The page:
We strolled on empty sands and swam in empty seas. We cycled in Kielder Forest and got completely lost in the vast nothing of the Otterburn Ranges. What more could you ask of a road trip?

The Abbey and Castle Holy Island

When it came to visiting Holy Island – the hugely popular island of Lindisfarne – we employed a tactic divulged to us by a fellow camper: he waited for a day with a midday high tide. This meant that any visitors to the island would have been cut off all day by the tidal causeway, unable to return to the mainland until the water receded in the evening. Waiting on the mainland for the tide to ebb away, he drove across to Lindisfarne when everyone else was leaving. It worked for us too. We arrived at about six o’clock on a clear, sunny evening. Sure enough, idling on the island side, we found a queue of cars.

As they streamed off the island, we cruised on, enjoying a quiet evening of spiritual wandering as the sun set.

Our final stop, Berwick, was as surprising as the rest of it. We found the lovely beach at Spittal by accident while trying to find the (brilliantly located) Caravan and Motorhome Club Site. It is a quiet, sandy beach, backed by beautiful, elegant stone houses and terraces of neat cottages. Some had gardens that led onto the promenade. Bound by the railway and cliffs, Spittal is a dead end kept quiet by a lack of through traffic. I fell in love with its wide, quiet streets straight away. There were probably no more than 20 people on the sand. It passed the ‘I could live here’ test. And that’s a big ask: I live in Cornwall.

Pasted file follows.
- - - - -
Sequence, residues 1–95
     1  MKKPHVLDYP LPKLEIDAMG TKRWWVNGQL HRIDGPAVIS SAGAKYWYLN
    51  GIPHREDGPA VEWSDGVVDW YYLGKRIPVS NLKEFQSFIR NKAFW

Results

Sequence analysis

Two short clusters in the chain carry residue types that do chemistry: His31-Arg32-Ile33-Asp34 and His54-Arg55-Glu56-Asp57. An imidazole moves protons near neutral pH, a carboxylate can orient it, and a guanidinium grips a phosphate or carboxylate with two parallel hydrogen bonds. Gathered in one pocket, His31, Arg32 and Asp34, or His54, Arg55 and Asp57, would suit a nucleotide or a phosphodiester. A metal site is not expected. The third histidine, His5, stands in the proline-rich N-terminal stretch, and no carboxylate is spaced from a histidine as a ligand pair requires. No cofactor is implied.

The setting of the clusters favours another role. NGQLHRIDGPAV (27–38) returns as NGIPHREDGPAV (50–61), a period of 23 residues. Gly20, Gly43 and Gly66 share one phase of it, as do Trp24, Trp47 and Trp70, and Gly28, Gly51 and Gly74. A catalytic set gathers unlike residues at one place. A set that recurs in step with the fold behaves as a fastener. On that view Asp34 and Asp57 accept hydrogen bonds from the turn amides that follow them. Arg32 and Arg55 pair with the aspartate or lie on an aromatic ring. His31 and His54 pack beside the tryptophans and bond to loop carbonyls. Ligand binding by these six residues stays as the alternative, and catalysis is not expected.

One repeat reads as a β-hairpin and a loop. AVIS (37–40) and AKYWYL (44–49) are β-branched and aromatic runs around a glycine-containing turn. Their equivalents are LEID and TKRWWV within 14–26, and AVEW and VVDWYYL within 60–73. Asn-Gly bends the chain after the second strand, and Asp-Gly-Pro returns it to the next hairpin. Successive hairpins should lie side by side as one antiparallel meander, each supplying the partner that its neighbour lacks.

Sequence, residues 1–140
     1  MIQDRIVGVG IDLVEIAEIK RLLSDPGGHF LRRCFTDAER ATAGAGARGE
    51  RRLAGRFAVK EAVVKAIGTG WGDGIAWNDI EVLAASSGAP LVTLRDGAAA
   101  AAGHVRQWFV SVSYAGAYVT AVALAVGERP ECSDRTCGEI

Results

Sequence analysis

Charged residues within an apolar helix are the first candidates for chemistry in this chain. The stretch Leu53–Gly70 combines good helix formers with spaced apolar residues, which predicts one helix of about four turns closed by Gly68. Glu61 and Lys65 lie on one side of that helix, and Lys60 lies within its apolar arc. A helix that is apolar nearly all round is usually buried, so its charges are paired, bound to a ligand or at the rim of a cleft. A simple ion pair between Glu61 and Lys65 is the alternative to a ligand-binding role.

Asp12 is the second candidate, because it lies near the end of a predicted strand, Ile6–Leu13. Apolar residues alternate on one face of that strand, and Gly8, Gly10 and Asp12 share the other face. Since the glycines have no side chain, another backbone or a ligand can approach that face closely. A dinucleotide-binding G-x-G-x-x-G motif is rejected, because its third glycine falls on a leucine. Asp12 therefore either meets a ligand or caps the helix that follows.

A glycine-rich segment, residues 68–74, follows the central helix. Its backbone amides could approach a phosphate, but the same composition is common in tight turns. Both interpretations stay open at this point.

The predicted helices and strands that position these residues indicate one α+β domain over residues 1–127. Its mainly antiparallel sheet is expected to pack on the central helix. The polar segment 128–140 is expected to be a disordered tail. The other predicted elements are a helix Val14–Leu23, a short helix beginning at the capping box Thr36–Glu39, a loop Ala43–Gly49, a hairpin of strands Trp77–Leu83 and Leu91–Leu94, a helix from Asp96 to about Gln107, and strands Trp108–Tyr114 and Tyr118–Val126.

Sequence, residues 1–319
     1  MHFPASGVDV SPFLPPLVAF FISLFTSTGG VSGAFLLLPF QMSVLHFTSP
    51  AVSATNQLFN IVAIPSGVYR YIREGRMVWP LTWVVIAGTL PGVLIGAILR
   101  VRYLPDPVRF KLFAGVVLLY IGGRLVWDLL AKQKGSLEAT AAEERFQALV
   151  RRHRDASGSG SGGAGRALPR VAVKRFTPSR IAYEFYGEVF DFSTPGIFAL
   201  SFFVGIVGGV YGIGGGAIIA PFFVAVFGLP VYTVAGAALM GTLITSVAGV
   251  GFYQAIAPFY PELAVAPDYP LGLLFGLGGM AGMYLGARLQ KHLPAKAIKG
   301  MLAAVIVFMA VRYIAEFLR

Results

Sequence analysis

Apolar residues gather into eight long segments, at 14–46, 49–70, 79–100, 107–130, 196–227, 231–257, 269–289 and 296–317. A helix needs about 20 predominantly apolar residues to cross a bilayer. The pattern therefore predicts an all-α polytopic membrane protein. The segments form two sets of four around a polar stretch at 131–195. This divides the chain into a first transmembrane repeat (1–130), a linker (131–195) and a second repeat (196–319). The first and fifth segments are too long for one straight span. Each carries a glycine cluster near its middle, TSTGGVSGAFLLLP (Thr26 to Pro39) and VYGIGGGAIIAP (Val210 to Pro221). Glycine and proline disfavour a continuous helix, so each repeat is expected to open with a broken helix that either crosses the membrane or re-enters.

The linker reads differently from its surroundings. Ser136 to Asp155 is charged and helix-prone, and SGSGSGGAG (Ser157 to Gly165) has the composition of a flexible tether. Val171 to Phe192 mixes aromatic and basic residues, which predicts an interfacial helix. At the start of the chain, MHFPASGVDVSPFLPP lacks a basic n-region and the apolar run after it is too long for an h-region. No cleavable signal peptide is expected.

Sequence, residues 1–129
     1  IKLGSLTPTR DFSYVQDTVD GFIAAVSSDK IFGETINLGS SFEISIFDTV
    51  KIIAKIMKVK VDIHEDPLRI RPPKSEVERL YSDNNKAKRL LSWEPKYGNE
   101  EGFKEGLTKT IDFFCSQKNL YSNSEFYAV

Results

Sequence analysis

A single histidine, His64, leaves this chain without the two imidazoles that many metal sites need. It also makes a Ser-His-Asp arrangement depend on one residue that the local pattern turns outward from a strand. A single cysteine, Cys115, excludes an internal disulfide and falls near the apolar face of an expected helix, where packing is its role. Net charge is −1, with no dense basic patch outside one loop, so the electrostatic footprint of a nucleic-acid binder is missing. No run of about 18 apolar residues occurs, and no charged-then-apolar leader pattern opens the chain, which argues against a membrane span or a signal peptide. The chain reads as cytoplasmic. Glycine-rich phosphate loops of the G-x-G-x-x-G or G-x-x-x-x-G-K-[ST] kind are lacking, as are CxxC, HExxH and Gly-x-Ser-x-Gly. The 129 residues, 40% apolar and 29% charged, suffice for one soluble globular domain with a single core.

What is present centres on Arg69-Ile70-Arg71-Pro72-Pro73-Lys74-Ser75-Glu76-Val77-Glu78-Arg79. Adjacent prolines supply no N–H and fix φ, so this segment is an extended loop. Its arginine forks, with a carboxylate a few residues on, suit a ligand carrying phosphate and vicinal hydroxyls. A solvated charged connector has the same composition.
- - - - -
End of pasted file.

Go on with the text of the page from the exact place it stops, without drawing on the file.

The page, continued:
Sadly, Berwick was as far as we’d get on this trip. It didn’t really matter that we’d stopped short of Scotland.

Northumberland was wild enough without heading for the NC500, the Trossachs or the Outer Hebrides.

And with all the driving we’d save, there was always time for one last cool swim. Breathe out as you submerge.

Check it out on the way


The home of the Craster Kipper is a must! Go early. Parking is easier – and pick up a freshly smoked kipper from the quayside. There’s a great coastal walk to Dunstanburgh Castle too.



There are many good reasons to amble around the fishing town of Amble. The harbour village prides itself on being the ‘friendliest port in England’, and its annual puffin festival, brightly coloured beach huts and seafood shacks are just a few of its quirks.


Warkworth Castle

Stunning castle on a bend in the river, owned by the National Trust. View the awe-inspiring keep as you wander around the nearly intact circuit of towered wall.

Bamburgh Castle

Experience a different level of Northumberland at England’s finest fortress, home of the real Last Kingdom of Bebbanburg. Great views, overlooking a beautiful, white sand beach.

Off the Beaten Track: England and Wales

Off the Beaten Track: England and Wales Book

Off the Beaten Track: England and Wales is a book about getting away from it all. Martin drove the length and breadth of England and Wales to find places that are forgotten, overlooked or simply dropped off the map. With sections on how to do it the hard way or the easy way, Martin kayaked the Tweed, hiked river valleys to the sea, cycled up mountains and fished remote wilderness lakes in search of that rarest of commodities: solitude. Did he find it? You bet he did.

Martin Dorey is the author of Off the Beaten Track: England and Wales and The Camper Van Bible: The Glovebox Edition, published by Conway and out now. Buy here

Text and Images by Martin Dorey

You May Also Like